This is anybody’s race. Ruben Santiago-Hudson appears to be the front-runner, but only because Jitney has gotten so much praise from critics as far as Best Revival of a Play is concerned. With the exception of Daniel Sullivan, whom I just can’t see winning this race, we have Sam Gold and Bartlett Sher, both of whom have won Tony Awards of their own for directing musicals (Gold for Fun Home in 2015, Sher for South Pacific in 2008). Furthermore, we have Rebecca Taichman, who won the Outer Critics Circle award for best director. When the races are this close, I simply consider it to be like a horse race and pick the favorite.
Will & should win: Ruben Santiago-Hudson, Jitney
Could win: Bartlett Sher, Oslo OR Sam Gold, A Doll’s House, Part 2
Best Book of a Musical
- Steven Levinson, Dear Evan Hansen
- Dave Malloy, Natasha, Pierre & the Great Comet of 1812
- Danny Rubin, Groundhog Day
- Irene Sankoff & David Hein, Come From Away
The best book and score categories are the battles in the trenches between each of the four nominees for Best Musical. While Great Comet is certainly innovative in regards to just about everything, the book isn’t all that fancy. A lot of the dialogue is word for word from Tolstoy’s War and Peace, and it shows. And while Steven Levinson’s book of Dear Evan Hansen had all the momentum earlier this spring, Irene Sankoff and David Hein have come from behind and stolen a lot of that thunder. I’m picking the upset with this one.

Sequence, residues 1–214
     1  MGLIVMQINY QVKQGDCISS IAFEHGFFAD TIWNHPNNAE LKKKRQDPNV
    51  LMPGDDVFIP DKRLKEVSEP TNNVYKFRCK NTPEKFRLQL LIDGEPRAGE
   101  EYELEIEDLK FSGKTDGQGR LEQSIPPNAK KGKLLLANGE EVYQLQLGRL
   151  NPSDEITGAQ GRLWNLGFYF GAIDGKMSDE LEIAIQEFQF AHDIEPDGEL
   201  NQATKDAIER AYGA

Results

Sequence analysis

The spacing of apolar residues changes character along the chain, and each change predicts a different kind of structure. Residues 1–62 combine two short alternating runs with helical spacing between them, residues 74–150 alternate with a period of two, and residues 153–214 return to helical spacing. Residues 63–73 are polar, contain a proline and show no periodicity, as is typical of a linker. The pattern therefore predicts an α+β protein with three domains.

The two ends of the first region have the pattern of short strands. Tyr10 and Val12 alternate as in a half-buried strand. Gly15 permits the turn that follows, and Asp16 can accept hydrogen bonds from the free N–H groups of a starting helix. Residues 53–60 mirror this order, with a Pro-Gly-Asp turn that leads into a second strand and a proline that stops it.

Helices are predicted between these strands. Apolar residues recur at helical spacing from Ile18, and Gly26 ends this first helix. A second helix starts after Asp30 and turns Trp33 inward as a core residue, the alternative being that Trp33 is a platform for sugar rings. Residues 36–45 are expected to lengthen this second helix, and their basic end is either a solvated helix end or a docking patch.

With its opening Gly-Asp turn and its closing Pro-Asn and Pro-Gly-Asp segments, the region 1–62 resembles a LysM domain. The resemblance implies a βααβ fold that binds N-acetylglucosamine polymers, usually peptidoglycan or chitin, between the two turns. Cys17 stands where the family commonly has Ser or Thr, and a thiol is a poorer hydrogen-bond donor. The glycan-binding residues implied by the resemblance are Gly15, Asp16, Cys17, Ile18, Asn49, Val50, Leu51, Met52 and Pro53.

Will and should win: Come From Away, Irene Sankoff & David Hein
Could win: Dear Evan Hansen, Steven Levinson
Best Original Score
- Come From Away, Music and lyrics by Irene Sankoff and David Hien
- Dear Evan Hansen, Music and lyrics by Benj Pasek and Justin Paul
- Groundhog Day, Music and lyrics by Tim Minchin
- Natasha, Pierre & the Great Comet of 1812, Music and lyrics by Dave Malloy
On the other hand, something Great Comet does have going for it is the score, which is beautifully composed and orchestrated by Dave Malloy: combining Russian folk music and EDM, the electro-pop-opera should win this one handily. Come From Away and Dear Evan Hansen may have the songs that are a bit more melodic and memorable, but Great Comet’s score is just so intricately and fantastically written. Score one for the Comet here.
Will win: Natasha, Pierre & the Great Comet of 1812, Music & lyrics by Dave Malloy
Should win: Come From Away, Music & lyrics by Irene Sankoff and David Hein
Could win: Dear Evan Hansen, Music and lyrics by Benj Pasek and Justin Paul